NEAR EAST REPORT AIPAC'S BIWEEKLY ON AMERICAN MIDDLE EAST POLICY

Article photo 1
Cornell University and the Technion-Institute of Technology won a competition to establish a world-class campus for engineering and applied sciences in New York City.
Article photo 2
Prof. Daniel Shechtman of the Technion-Israel Institute of Technology won the 2011 Nobel Prize in Chemistry for his discovery of “quasicrystals.”
Article photo 3
Israel was among the first countries to send medical personnel and aid to Japan following the earthquake and tsunami that devastated the country in March.

Israeli Breakthroughs: 2011 Edition

Israel remains the world’s top investor in R&D as a proportion of its GDP. And, based on its achievements in the fields of medicine, clean energy, high tech and other cutting-edge industries, the investment is paying off.

This year, Prof. Daniel Shechtman won the Nobel Prize in Chemistry for his groundbreaking discovery of “quasicrystals.” The Technion professor, who does double duty at Johns Hopkins University and Iowa State, becomes Israel’s 10th Nobel laureate. Kudos to Tel Aviv University Prof. Yosef Shiloh for winning the top cancer research prize from the American Association for Cancer Research (AACR).

Hebrew University Prof. Haim Sompolinsky took home the top prize at the Society for Neuroscience’s annual meeting in the United States. Meanwhile, two Israeli geneticists from the Hebrew University – Aharon Razin and Howard Cedar – were the first Israeli winners of the prestigious Canada Gairdner International Award, presented annually to researchers around the globe for outstanding contributions to medical science.

Howard wasn’t the only family member honored in 2011. His son, Israeli film director Yossi Cedar, won the best screenplay award at the Cannes Film Festival for his picture “Footnote.” Born in New York, Cedar grew up in Jerusalem and has also directed “Beaufort,” which won the Silver Bear at the 2007 Berlin Film Festival and was nominated for an Oscar.

More Hollywood news: The documentary film “Strangers No More,” about a Tel Aviv elementary school that boasts students from 48 countries, won the Oscar for Best Documentary Short Subject; the hit Israeli TV series, “Hatufim,” has been remade in America as “Homeland,” which U.S. critics are calling one of the best new shows on television; the Walt Disney Company is partnering with an Israeli cinema chain to build a $160 million amusement park in Haifa; Jewish-American filmmakers Ethan and Joel Coen won the $1 million Dan David Prize, handed out at Tel Aviv University; and American movie icon Leonardo DiCaprio has invested in the Israeli start-up Mobli, whose product allows users to see real-time events that others are watching.

There were plenty of blockbuster deals in 2011 between the United States and Israel. Cornell University and the Technion-Israel Institute of Technology in Haifa won a competition to launch a “super science school” on Roosevelt Island off Manhattan. New York City Mayor Michael Bloomberg expects the campus to generate as much as $6 billion in economic activity by creating up to 600 new companies and thousands of permanent jobs in its first 30 years of existence.

Apple is purchasing Israel’s Anobit – a global leader of flash storage solutions – for $500 million. Apple has also announced that the tech giant will be opening an R&D center in Israel – its first facility outside of the United States. Apple will join the ranks of companies with R&D centers already in Israel such as Google, IBM, Oracle, Motorola, Microsoft, Dell and Intel, whose new “Sandy Bridge” microprocessor chip – developed at its Haifa R&D facility – was all the rage at this year’s Consumer Electronics Show (CES) in Las Vegas. And it isn’t only high-tech companies that have decided to establish research facilities in the Jewish state. Barclays, one of the ten largest banking and financial services groups in the world, plans to open an R&D center in Tel Aviv.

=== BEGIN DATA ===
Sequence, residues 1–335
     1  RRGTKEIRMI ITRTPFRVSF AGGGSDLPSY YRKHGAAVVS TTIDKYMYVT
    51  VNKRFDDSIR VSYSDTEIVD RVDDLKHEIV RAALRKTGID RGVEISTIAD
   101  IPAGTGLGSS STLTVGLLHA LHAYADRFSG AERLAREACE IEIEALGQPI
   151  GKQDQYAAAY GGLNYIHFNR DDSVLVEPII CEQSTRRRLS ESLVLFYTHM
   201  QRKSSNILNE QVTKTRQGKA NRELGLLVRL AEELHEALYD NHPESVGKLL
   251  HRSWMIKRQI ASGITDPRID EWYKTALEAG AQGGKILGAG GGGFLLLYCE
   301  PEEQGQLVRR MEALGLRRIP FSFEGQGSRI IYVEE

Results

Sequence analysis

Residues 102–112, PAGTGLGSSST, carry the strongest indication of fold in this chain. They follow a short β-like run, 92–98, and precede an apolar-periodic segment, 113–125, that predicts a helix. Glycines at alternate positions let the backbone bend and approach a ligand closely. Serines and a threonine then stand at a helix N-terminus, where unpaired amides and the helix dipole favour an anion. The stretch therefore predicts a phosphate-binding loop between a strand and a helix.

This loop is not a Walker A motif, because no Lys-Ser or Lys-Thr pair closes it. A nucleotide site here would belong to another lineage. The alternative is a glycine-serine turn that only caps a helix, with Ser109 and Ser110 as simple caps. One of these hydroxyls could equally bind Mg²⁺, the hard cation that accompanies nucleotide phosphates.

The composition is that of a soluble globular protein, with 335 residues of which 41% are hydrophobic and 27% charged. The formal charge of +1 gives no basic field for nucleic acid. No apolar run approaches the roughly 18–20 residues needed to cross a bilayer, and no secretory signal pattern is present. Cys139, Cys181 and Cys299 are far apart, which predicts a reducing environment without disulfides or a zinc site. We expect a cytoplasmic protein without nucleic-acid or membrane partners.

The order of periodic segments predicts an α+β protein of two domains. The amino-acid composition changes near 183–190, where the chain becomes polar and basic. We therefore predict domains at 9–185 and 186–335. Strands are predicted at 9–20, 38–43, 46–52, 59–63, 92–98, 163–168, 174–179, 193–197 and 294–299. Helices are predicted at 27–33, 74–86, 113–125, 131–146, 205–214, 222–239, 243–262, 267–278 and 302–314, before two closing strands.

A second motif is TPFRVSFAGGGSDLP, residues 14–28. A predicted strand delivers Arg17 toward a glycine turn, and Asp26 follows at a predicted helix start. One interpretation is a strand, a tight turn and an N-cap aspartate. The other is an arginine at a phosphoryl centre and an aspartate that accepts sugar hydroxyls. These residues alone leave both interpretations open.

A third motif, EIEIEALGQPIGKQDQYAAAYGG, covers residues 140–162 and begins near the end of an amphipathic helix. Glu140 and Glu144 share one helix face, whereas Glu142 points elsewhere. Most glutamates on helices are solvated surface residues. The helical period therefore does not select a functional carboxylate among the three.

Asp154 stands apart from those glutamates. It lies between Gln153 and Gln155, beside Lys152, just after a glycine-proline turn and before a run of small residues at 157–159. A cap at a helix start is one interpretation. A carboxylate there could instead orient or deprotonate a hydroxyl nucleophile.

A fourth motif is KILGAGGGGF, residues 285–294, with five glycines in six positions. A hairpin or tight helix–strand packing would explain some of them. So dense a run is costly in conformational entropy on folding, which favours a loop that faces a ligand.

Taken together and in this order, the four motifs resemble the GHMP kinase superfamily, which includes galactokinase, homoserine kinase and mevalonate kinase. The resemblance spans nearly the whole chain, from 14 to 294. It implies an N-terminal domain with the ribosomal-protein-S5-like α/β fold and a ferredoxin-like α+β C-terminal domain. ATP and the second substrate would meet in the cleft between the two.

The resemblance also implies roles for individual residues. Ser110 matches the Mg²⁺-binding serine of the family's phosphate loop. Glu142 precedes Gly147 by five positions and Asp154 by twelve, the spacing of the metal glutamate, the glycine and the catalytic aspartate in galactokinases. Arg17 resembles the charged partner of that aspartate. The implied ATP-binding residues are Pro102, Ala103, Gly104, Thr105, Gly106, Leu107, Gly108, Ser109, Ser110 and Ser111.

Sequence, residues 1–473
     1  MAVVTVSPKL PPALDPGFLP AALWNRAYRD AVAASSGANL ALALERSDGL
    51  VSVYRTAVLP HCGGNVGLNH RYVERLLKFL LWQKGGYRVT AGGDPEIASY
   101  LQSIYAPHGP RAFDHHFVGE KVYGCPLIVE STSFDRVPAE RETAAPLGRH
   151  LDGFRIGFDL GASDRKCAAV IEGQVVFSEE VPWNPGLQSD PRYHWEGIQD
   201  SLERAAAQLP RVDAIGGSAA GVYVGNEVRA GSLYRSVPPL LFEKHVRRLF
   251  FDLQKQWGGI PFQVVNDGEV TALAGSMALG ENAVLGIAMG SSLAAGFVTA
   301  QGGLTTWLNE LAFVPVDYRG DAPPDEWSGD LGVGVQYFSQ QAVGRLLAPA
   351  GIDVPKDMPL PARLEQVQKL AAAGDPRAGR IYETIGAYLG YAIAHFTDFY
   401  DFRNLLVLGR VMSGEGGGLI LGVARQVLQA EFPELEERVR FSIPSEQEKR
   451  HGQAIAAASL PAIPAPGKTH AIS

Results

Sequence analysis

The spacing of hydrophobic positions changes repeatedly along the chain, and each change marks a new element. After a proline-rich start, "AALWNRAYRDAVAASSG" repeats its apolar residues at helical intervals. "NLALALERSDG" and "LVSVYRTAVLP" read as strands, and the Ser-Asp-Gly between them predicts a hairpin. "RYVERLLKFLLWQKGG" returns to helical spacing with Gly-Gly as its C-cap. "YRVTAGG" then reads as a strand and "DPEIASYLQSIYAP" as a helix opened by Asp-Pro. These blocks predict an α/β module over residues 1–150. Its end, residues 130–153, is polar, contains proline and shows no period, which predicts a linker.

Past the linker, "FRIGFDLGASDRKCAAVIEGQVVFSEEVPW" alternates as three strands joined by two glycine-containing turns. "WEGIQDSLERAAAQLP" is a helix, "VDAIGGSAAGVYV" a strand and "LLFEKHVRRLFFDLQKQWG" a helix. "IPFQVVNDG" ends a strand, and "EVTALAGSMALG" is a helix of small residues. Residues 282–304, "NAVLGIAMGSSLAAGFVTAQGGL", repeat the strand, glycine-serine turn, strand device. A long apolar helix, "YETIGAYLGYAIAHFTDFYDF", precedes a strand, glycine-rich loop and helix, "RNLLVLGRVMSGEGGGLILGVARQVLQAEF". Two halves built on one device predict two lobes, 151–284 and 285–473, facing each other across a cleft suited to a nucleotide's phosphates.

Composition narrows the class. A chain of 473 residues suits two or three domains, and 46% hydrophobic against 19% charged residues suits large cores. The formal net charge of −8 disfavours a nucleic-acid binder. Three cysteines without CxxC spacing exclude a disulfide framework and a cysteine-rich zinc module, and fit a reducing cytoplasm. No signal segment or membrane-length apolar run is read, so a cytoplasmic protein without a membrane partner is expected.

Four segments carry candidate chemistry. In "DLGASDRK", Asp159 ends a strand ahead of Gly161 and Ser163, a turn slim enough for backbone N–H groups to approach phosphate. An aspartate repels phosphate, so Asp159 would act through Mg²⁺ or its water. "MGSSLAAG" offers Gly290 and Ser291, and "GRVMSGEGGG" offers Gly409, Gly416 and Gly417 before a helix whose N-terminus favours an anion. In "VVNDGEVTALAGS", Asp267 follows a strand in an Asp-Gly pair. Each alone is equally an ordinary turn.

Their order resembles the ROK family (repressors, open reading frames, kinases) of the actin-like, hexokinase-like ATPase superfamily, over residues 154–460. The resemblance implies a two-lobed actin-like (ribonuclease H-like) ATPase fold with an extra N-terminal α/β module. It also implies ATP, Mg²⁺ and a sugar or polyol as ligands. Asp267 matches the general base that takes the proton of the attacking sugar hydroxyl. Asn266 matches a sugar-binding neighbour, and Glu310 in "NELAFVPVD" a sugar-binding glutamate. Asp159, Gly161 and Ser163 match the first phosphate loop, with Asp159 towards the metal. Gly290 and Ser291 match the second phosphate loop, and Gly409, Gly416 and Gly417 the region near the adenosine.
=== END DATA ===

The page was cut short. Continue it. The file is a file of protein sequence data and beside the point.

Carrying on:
Medical patients have new hope thanks to a series of Israeli breakthroughs in 2011. An Israeli drug company is testing a promising vaccine that can kill cancer cells. Another company’s device that combines MRI and ultrasound technologies was cited by TIME Magazine as one of the 50 best inventions of the year. Technion researchers have found a way to reverse the aging process. The FDA has approved the “Rewalk,” a device that helps paralyzed people get back on their feet, featured last year on the TV show “Glee.” A new Tel Aviv University study claims cinnamon can prevent and fight Alzheimer’s. Good news, because the U.S. chain Cinnabon has opened for business in Tel Aviv.

Israel’s medical prowess came in handy this year in coping with humanitarian disasters. The Jewish state was the first foreign country to set up a field hospital in Japan following the earthquake and tsunami in March, and an Israeli humanitarian organization was recognized for its relief efforts in the wake of this disaster.

Finally, other stories that made headlines in 2011: Electric cars went on sale in Israel this summer; NASA’s final space shuttle mission included an Israeli bone cell experiment; Israel opened a 62-km “Gospel Trail” trail from Nazareth to Capernaum for Christian pilgrims to retrace the route of Jesus; the Israel Museum put the complete Dead Sea Scrolls on the Internet, attracting millions of online visitors; two Israeli Arabs represented the country at the Special Olympics in Athens as part of the tennis delegation; the world’s oldest human remains have been found in a cave in Israel; and IDF soldiers delivered a Palestinian baby.

Dear 2012: Can’t wait.

BACK TO TOP